A kidney stent is not something we hear often and the ringing of the words in our system could not have bothered much not until our very own doctor advises us to get one. That’s when the real horror begins. To be honest, a kidney stent is not as intimidating as it sounds. You will just have to learn a few things about it so you won’t end up running away at the sight of your doctor or get dizzy when you walk down hospital halls.
What really is a kidney stent and why am I being ordered one?
- A kidney stent is a plastic tube that holds enough resilience and flexibility to make it easier for doctors to maneuver it inside you to be inserted in an area located between a patient’s bladder and the kidney.
- The very reason why this tube is being ordered by your doctor is because the tube allows for an easy passage of your kidney stone.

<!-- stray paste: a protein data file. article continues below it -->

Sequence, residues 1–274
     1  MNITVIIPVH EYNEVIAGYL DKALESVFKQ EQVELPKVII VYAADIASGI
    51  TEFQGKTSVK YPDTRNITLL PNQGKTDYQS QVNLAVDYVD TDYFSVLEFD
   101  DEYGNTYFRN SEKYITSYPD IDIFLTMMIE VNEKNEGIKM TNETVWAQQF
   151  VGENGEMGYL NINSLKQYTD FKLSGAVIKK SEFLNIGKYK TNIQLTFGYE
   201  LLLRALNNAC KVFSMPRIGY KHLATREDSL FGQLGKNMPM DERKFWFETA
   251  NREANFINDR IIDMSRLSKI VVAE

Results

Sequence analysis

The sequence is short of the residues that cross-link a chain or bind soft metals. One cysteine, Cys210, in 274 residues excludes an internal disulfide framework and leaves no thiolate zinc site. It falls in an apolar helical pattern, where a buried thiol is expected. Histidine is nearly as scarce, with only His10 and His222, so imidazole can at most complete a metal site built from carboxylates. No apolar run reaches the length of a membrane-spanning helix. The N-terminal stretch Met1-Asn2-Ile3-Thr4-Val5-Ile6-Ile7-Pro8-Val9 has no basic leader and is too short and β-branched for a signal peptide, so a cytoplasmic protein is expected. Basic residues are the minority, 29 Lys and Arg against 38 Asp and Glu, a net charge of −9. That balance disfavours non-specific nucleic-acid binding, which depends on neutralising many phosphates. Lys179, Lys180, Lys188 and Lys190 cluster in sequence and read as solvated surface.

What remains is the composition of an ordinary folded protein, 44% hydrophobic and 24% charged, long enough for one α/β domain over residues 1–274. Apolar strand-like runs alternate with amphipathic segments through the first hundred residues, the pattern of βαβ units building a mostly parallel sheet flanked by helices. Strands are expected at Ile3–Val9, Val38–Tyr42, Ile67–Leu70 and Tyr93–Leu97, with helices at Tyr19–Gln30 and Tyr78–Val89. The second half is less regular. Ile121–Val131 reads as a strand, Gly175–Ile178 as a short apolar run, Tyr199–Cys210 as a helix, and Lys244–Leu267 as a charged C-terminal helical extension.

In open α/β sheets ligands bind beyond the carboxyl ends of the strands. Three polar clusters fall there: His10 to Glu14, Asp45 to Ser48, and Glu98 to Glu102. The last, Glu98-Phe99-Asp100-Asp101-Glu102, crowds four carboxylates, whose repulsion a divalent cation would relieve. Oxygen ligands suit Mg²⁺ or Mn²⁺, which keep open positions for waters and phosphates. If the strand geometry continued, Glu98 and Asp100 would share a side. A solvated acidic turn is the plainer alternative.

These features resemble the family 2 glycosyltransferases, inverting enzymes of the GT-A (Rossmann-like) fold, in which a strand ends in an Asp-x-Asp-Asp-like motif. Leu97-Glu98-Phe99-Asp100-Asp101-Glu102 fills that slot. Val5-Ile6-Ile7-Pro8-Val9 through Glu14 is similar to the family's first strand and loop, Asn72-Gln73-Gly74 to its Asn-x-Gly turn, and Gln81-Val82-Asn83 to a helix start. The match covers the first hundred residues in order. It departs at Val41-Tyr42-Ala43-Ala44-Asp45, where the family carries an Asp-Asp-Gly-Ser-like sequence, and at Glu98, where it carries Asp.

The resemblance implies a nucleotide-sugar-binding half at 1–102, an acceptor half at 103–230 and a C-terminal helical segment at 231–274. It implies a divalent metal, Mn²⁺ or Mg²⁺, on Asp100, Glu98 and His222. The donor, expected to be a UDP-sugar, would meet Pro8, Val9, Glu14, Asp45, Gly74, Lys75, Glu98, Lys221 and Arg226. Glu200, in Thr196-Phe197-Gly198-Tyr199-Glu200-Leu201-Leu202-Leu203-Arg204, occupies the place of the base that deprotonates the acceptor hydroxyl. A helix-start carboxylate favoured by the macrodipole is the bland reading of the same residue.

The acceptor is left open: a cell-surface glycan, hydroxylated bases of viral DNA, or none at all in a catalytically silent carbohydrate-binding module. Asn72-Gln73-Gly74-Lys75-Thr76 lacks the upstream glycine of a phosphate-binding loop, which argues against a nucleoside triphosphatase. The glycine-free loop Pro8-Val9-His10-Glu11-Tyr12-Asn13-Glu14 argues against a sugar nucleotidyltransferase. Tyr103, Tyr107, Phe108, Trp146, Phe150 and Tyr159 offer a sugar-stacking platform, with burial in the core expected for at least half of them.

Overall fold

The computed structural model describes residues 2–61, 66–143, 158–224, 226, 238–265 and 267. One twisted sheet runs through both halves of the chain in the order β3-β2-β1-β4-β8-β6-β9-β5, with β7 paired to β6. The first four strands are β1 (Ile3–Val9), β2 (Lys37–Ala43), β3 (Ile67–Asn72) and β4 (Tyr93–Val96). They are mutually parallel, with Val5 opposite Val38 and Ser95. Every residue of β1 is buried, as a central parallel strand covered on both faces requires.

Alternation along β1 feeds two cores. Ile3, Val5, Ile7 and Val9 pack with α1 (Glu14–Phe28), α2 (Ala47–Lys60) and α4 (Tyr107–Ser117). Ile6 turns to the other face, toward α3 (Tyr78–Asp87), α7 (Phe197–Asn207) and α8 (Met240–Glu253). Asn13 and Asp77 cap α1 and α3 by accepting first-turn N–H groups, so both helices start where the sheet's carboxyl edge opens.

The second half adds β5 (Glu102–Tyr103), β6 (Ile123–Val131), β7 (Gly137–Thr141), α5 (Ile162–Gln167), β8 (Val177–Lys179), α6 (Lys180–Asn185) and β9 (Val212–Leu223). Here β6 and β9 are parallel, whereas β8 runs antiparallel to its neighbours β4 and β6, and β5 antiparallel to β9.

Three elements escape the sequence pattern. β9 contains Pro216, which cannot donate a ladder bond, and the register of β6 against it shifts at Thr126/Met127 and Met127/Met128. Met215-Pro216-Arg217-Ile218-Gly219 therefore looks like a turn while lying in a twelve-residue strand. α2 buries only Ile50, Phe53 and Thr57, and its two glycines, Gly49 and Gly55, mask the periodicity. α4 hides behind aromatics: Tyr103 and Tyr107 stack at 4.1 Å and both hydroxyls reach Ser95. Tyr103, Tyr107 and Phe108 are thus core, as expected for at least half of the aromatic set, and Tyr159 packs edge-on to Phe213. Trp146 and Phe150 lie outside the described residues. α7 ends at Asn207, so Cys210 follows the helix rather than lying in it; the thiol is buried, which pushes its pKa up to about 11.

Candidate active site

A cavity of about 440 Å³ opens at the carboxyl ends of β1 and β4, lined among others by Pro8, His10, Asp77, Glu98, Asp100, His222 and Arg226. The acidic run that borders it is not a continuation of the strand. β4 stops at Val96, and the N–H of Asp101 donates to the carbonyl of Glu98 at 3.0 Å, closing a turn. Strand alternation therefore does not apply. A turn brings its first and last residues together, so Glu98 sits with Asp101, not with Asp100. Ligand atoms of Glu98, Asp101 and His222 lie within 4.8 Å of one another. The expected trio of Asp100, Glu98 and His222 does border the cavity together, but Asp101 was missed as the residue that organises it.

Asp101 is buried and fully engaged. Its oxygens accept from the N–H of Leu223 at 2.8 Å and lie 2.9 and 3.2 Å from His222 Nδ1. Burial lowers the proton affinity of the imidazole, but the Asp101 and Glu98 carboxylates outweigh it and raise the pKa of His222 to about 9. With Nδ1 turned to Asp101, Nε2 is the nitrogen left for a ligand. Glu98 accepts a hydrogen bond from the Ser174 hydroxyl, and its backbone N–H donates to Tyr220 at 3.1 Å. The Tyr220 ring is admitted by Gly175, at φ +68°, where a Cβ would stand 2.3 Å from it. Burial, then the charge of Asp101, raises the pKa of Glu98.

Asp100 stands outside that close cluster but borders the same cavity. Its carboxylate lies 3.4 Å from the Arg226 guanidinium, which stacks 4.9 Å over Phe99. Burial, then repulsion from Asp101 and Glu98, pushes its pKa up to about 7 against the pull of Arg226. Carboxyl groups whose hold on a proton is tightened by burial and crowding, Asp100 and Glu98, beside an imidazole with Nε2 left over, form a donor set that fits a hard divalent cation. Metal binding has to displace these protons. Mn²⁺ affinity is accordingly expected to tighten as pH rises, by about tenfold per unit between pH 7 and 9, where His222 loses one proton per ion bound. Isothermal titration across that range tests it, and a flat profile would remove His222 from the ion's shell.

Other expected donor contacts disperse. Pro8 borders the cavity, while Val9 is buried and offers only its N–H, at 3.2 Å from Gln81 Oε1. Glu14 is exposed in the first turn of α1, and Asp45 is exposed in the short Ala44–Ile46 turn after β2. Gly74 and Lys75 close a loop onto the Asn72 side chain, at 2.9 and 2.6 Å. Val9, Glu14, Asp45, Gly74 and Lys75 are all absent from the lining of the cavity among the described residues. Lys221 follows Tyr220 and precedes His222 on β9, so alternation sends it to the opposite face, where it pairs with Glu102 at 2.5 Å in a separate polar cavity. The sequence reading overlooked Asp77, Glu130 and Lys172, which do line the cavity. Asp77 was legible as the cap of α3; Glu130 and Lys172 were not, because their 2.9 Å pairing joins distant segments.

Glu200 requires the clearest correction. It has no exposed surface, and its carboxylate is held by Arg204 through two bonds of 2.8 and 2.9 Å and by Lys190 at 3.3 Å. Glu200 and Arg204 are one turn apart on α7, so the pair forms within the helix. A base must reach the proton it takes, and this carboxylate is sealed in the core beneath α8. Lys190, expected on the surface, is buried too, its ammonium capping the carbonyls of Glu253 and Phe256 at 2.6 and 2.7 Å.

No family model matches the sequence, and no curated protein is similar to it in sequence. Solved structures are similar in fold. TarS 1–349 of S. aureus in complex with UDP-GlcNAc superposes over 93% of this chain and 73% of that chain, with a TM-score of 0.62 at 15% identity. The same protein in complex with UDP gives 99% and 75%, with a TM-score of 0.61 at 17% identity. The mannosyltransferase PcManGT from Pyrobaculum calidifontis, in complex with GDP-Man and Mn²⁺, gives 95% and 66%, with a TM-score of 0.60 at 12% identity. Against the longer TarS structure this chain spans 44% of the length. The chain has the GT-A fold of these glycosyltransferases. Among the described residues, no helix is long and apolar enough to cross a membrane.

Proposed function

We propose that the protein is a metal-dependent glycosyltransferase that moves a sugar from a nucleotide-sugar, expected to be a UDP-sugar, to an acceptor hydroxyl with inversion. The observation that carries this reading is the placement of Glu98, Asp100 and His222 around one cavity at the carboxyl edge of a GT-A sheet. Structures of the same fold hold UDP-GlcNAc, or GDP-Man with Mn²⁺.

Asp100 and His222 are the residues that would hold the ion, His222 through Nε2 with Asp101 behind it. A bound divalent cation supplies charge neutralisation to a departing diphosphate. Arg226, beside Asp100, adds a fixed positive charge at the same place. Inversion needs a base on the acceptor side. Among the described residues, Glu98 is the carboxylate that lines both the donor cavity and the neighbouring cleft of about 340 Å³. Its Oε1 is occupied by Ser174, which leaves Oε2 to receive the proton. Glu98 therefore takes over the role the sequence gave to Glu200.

- The doctor does not just randomly pick out a tube and insert it right away. The doctor has to consider several factors before the start of the procedure and one of this is to determine the length of the tube to be inserted.
- A plan to retrieve the kidney stent after it has reached its maximum duration of time which is usually six weeks should be thoroughly thought of by the doctor.
- During the insertion, the patient is usually prescribed with a local or general anaesthesia. This of course is a case to case basis so it can vary.
Who is a qualified candidate for a kidney stent?
A kidney stent is usually ordered for patients suspected to have kidney stones. Kidney stones block the normal passage of urine, and when a stent is inserted, it relieves the obstruction causing the kidneys to function as normally as possible.